Fitch Ratings has upgraded the Foreign and Local currency Issuer Default Ratings (IDRs) of Trinidad Cement Ltd (TCL) to 'B-' from 'D' and assigned an expected rating to the company's proposed senior secured term loan of 'B-(EXP)/RR4'. The rating Outlook is Stable
The upgrade reflects the restructuring steps TCL has taken under the increased ownership, support and strategic guidance from Cemex (Cemex; 'B+'/Stable Outlook) following the default on its bank loans in September 2014. Fitch expects that the company will refinance its existing bridge loan with a long-term financing agreement within the next three to six months.
TCL's 'B-' ratings also reflect its business position in the relatively small Caribbean cement market, high leverage, weak liquidity, and volatility of its cash flow generation due to the cyclicality of the cement industry.
Fitch believes the company will be able to slowly deleverage through improved operating cash flow driven by higher volumes and sales price increases. Further factored into the ratings is the favourable outlook for the Caribbean cement industry over the medium term driven by the region's positive macroeconomic and business environment.
Increased ownership and support from Cemex
Fitch views the increased ownership by Cemex as tacit support for TCL and its strategic market position. Cemex increased its ownership in TCL following the company's rights issue for its existing shareholders on March 31, 2015 at TT$2.90 per share. Cemex's ownership increased to 39.5 per cent from 20 per cent at a cost of US$44.8m (total equity injection of US$57m from rights issue).
In addition, Cemex entered into a Technical Services Agreement with TCL on April 23, 2015 which provides TCL with a restructured management team, technical assistance to support the operations of TCL's trading and shipping departments, along with additional support. The agreement has a three-year term.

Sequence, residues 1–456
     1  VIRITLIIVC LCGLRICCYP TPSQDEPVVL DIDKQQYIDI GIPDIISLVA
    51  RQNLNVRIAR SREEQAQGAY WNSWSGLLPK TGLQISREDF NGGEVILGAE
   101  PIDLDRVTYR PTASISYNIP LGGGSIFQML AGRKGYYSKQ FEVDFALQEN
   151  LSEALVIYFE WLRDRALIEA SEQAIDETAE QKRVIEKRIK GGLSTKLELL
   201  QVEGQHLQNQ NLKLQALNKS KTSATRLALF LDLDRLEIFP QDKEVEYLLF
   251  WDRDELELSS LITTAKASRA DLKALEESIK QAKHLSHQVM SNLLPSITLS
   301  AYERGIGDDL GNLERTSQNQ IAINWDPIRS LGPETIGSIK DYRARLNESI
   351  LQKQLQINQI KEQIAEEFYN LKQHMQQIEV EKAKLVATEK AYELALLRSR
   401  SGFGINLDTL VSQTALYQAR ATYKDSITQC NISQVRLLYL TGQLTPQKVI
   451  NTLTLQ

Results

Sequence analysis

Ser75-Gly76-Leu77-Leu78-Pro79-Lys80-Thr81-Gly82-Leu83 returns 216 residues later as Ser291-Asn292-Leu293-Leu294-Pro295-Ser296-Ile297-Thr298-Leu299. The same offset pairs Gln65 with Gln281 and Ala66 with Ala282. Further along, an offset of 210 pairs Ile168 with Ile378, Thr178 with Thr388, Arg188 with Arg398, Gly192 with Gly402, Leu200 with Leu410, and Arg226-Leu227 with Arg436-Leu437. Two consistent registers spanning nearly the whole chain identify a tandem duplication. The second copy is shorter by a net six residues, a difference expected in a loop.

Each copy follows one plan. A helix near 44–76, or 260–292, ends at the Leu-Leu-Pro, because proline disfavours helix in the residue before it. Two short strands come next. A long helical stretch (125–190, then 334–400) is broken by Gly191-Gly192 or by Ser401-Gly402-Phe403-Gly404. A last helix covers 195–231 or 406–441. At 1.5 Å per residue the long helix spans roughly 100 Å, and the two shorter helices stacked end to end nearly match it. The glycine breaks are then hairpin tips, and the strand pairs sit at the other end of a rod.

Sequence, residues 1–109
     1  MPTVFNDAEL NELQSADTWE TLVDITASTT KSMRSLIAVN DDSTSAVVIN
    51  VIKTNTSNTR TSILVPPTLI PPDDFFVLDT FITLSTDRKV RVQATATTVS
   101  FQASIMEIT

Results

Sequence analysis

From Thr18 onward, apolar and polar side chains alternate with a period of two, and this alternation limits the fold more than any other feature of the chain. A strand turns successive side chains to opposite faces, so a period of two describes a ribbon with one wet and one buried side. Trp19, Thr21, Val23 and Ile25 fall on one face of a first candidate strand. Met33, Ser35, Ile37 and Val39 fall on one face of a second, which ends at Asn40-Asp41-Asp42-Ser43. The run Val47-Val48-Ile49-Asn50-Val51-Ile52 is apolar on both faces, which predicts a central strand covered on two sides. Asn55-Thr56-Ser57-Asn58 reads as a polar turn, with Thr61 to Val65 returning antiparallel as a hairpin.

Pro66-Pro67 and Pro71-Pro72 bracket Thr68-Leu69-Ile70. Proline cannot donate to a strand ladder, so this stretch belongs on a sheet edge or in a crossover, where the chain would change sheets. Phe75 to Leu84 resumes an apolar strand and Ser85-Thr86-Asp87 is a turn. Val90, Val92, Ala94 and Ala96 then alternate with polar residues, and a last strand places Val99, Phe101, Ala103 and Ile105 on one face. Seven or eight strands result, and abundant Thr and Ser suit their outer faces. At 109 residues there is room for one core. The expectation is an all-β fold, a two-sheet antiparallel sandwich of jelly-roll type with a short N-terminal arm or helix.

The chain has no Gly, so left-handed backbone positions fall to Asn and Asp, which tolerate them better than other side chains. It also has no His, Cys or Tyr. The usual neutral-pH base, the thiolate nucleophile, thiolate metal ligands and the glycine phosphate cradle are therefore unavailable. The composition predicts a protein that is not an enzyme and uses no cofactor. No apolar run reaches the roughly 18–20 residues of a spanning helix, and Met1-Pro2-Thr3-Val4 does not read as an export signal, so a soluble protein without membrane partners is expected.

Restructuring following default in September 2014
TCL has undergone numerous changes over the last nine months, following the moratorium the company gave to its creditors. The default in September 2014 was the result of a failed bond issuance, weak liquidity, and an unfavourable ruling which resulted in labour backpay of US$23m. Following the default, TCL took numerous steps including hiring a new management team, an equity rights issue, negotiating with labor unions, and refinancing its previous debt with a bridge loan. The ratings for TCL reflect the expectation of a successful refinancing of its bridge loan which matures in February 2016.
Improved credit metrics expected
Fitch projects TCL will achieve a total debt/EBITDA ratio of around 3.3x during 2015, an improvement on 4.6x in 2014, contingent upon a successful refinancing of its bridge loan. TCL's free cash flow (FCF) was approximately US$20m during 2013 and 2014, and should remain positive over the near term. TCL's net leverage peaked at 18.5x at 31 December 2011, and declined to 13.2x at 31 December 2012, and eventually to 4.3x at 31 December 2014. The high leverage in 2011 and 2012 was attributable to the poor macroeconomic environment during the period. This resulted in the first of two legal defaults in the last five years for all loan agreements on 31 December 2011.
Weak liquidity projected to remain
Fitch projects TCL's cash balance to be approximately US$40m by 31 December 2015. Liquidity will likely remain weak over the next four years as projected positive FCF generation is used to service debt obligations on its expected term-loan refinancing. TCL reported cash and cash equivalents of approximately USD86 million compared to total debt of US$245m as of 31 March 2015.
Leading Caribbean cement producer
TCL is the leading producer of cement with eight operating companies in Trinidad, Barbados, Guyana, Jamaica and Anguilla. TCL has a dominant market position in the CARICOM region and 100 and 82 per cent of the market share in Trinidad and Jamaica, respectively. The region had annual total cement demand of 11.4Mt in 2014, and the Caribbean Development Bank is projecting regional economies to grow by an average of two per cent in 2015.
Significant barriers to entry
A majority of the demand for shipments of cement to Caribbean islands is for smaller quantities and, coupled with the shallow ports at most of the islands, makes it cost prohibitive for many of the larger cement players to penetrate the market. The small size of the cement market in the Caribbean, as well as the difficulty of logistics in this region, has limited the impact of imports and provided TCL with an EBITDA margin of 19 per cent for 2014. TCL's strategic locations and strong reputation in the region translate into cost advantages that are difficult for competitors to replicate.